Off the rails
Hop onboard a train to Myrdal from Bergen (a two-hour journey northwest) to experience the Flåm Railway. One of the steepest trainlines in the world – almost 80 per cent of the journey has a gradient of 5.5 per cent – it’s the perfect introduction to Norway’s exhilarating landscapes, from fjords and waterfalls to wild forests and mountains.
Flåm Railway – one of the steepest trainlines in the world – is the perfect introduction to Norway’s exhilarating landscapes, from fjords and waterfalls to wild forests and mountains
Preikestolen – the ‘pulpit rock’ – is not for the fainthearted. Located south of Stavanger, 600m above the Lysefjord, this 25sq m plateau is the perfect spot to catch your breath and soothe sore muscles. The four- to five-hour hike is best done with an experienced guide. Book through Outdoor Life.
Home to hundreds of 18th- and 19th-century white timber houses, Stavanger’s fully pedestrianized Old Town is the largest surviving old wooden settlement in Northern Europe.Discover Stavanger
See the majestic rock from the comfort of a fjord cruise, where you can also immerse yourself in the waterfalls and islands of Lysefjord.Explore Norway
Did you know…
‘Bryggen’ means ‘the wharf’ in Norwegian. An important trade centre since the 1100s, all the buildings are similar in style, often three storeys high with timber cladding and tiled roofs.Book flights
Take the Fløibanen funicular up Bergen’s Mount Fløyen to hike back down – but if you’re feeling energetic, why not scale its 320m yourself? The two-mile hike takes you through pine-scented forests. Go with a guide, who can enlighten you about the local fauna and flora on the way, and you’ll be rewarded with views of Bergen.
See the sights of Stavanger before heading east in search of envy-inducing snapshots of the 26-mile Lysefjord. Hire a local guide and head to the top of the Kjerag mountain peak. The views at the summit are spectacular, including the famous Kjerag boulder – a gigantic egg-shaped rock delicately suspended nearly 1,000m above the fjord.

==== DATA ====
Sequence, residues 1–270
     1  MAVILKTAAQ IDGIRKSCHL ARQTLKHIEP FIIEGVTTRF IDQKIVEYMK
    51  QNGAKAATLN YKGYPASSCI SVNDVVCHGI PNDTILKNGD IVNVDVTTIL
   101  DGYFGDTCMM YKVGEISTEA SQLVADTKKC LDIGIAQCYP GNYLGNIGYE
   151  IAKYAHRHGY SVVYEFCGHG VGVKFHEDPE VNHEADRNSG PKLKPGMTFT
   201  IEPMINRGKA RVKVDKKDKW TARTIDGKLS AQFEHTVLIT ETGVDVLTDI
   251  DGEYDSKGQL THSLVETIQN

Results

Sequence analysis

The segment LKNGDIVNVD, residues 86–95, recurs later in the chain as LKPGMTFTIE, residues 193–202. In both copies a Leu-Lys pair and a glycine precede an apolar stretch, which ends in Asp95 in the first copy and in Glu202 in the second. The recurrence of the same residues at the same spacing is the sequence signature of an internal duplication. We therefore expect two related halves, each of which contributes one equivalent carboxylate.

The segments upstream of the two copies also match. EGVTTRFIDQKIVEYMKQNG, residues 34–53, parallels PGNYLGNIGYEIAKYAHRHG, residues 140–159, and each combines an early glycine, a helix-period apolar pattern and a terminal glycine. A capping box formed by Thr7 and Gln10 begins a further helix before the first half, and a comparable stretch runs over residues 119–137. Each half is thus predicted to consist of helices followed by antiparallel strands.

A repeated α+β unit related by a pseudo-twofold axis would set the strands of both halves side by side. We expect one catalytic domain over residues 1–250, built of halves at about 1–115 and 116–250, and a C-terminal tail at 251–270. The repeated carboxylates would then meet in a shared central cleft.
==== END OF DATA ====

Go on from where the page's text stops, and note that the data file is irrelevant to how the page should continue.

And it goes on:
On the road
Got nerves of steel? You’ll feel at home on Stalheimskleiva, the half-mile highway that’s two hours northwest of Bergen. With a 20 per cent gradient, 13 hairpin bends and, in parts, sufficient width for one car only, this is Norway’s ultimate white-knuckle ride. Don’t forget to enjoy the view of Sivlefossen and Stalheimsfossen waterfalls.
If you’re on the lookout for something a little less extreme, try Magma Geopark, located just outside Egersund, about an hour’s drive from Stavanger. The undulating rock formations, with their lunar appearance, provide gentle-gradient walking routes – and have you wishing you’d paid more attention in geography class. Don’t miss the cycle tours through the depths of the 19th-century Blåfjell mines either.
It’s not all about outdoor pursuits. Bergen is home to the Unesco heritage site of Bryggen (the old wharf) and its Kode Museums feature works by Edvard Munch and Paul Klee. Foodies will love Stavanger, where you can find a host of restaurants serving Norwegian specialities and local delicacies such as halibut, herring and lamb.
Walk this way
The 29km Aurlandsfjord is a branch off Norway’s longest fjord, Sognefjorden. Deep and narrow, and surrounded by mountains that scale up to 1,800m, it’s the perfect place to take a hike. Book flights from London to Bergen and hire a car for seven-days.Book flights and car hire